What to Expect
Plan to be with us for a total of 3-4 hours. You will arrive at the gastroenterology lab about 60-90 minutes prior to your colonoscopy. When you arrive, you will need to complete paperwork and change into a patient gown. The nursing staff will perform a brief assessment, place an IV, and take you to the procedure room where you will be sedated and undergo colonoscopy. The colonoscopy itself takes about 30-60 minutes.
After the Procedure
After colonoscopy, you will rest in the recovery area while the sedative wears off. Due to the sedation, you may not remember your conversation with Dr. Gottesman after the colonoscopy. Please have a family member or friend stay with you and speak with the doctor and nurses after the procedure.
By law, you cannot drive for the rest of the day. We advise you to take the entire day off from work. Additionally, if a large polyp is removed at the time of colonoscopy, you should not fly in a plane for one week.
Colonoscopy is generally a very safe and well tolerated procedure. The video below is an excellent preview of what to expect before, during and after a colonoscopy.
COLONOSCOPY: WHAT TO EXPECT PRIOR, DURING AND AFTER THE EXAM
1. One of the medications I was instructed to take the morning of my procedure is red. Can I take it?
Medications for blood pressure, heart conditions and seizures should be taken the morning of your exam, regardless of the color.
2. I feel like vomiting and do not think that I can drink any more. What should I do?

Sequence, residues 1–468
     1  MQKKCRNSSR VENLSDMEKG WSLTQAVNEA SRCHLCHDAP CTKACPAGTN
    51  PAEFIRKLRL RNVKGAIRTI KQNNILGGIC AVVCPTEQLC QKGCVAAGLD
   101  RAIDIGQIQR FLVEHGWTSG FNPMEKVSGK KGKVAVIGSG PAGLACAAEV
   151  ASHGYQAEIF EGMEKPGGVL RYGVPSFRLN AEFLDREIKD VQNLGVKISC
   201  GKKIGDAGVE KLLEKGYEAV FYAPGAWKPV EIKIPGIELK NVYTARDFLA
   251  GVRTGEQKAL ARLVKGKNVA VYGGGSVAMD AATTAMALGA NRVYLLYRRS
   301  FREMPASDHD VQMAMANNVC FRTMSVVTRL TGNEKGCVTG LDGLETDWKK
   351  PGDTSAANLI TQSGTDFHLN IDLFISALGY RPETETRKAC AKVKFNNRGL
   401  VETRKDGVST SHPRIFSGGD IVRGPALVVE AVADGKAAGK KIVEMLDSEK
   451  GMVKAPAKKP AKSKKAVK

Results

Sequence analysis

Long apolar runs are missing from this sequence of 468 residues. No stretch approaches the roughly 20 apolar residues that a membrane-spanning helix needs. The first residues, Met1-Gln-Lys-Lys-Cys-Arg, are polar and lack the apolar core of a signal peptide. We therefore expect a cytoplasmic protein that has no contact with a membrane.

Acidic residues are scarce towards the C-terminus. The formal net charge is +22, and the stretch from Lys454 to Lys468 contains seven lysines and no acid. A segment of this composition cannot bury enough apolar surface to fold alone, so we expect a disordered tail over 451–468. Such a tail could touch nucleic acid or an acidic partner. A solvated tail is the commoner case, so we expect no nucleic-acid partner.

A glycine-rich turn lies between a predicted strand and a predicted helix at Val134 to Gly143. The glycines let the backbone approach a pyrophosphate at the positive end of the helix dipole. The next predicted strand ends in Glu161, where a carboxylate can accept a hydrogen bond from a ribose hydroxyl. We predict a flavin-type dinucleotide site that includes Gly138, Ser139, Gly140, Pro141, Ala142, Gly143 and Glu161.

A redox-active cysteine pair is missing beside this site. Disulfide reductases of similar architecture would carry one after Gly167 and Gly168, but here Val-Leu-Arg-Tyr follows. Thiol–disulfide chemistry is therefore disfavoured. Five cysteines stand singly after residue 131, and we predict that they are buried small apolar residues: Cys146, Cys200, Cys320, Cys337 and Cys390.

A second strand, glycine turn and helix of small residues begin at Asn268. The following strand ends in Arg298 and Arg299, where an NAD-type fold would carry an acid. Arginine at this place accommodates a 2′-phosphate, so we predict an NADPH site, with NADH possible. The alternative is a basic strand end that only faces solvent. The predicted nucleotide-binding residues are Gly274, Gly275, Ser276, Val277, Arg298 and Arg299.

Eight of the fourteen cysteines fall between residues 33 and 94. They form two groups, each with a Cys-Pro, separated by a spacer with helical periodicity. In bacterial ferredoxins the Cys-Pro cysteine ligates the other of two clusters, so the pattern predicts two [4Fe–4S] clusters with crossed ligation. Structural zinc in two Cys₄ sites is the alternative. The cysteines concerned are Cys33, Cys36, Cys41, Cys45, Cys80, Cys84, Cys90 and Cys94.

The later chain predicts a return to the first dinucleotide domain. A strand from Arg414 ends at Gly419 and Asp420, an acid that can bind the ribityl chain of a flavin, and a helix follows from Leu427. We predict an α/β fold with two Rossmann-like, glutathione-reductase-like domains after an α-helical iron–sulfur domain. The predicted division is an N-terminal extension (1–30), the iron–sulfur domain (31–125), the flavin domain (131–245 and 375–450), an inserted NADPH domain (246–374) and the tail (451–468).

It is important that you continue to drink the solution if possible. Without a clean bowel, the doctor will not be able to see the inside of your colon to complete the examination. If you do vomit, wait 30 minutes and begin drinking the solution again. If not improved, call us and have a phone number of an open pharmacy in case we need to call in a prescription.
3. I drank a lot of the solution and have not yet gone to the bathroom. What should I do?
Keep drinking. Most people have a bowel movement after 1-2 hours. Some patients may take longer.
4. I am drinking the prep, and now have loose, watery stools. Do I still need to drink the rest of the prep?
Yes, you may solid stool higher in the colon that needs to be eliminated.
5. I already have diarrhea before taking the prep. Do I still have to take the laxative?
Yes, you must take the prep as directed by your doctor. Your colon is about 6 feet long. The entire colon must be emptied for your physician to see the colon clearly.
6. I see yellow color in the toilet bowel, and a few flecks of stool. What do I do?
If you drank the entire solution, or if your last bowel movements were clear enough that you were able to see the bottom of the toilet, you should be fine. It is okay if you have some flecks of material. The yellow color is the result of bile that normally colors the feces. This will not interfere with the examination.
7. My bottom is so sore. What can I do?
To clean the area, avoid rubbing. Gently pat with a wet wash cloth. Apply Desitin, vaseline, Preparation H, or Balmex liberally.
8. Can I chew gum or suck candy?
Yes, but nothing red.
9. What if I am still passing solid stool the morning of my test?
Take a tap water enema until it runs clear. If this does not work, call the office.
10. Can I brush my teeth?
Yes. Please do.
11. Can I wear my dentures?
Yes, you may wear your dentures to the endoscopy suite. However, you may be asked to remove them prior to the procedure.
12. I have been instructed to avoid all anti-inflammatory medications and blood thinners several days prior to the procedure. What can I take for pain relief and headaches?
You can take Tylenol ( acetaminophen).
13. Can I have chicken soup the day prior to colonoscopy?
You can have only the broth. No noodles, chicken or vegetables allowed.
14. Can I have a colonoscopy if I am menstruating?
Yes, the procedure can still be performed. We ask that you use a tampon if possible ( not absolutely necessary)